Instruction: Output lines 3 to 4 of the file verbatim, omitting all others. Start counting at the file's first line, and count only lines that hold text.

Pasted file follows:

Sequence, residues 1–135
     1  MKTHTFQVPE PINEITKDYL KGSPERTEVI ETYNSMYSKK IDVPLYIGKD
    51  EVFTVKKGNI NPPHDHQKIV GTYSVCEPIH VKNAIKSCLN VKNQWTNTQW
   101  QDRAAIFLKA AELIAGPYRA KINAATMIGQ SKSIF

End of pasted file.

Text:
    51  EVFTVKKGNI NPPHDHQKIV GTYSVCEPIH VKNAIKSCLN VKNQWTNTQW
   101  QDRAAIFLKA AELIAGPYRA KINAATMIGQ SKSIF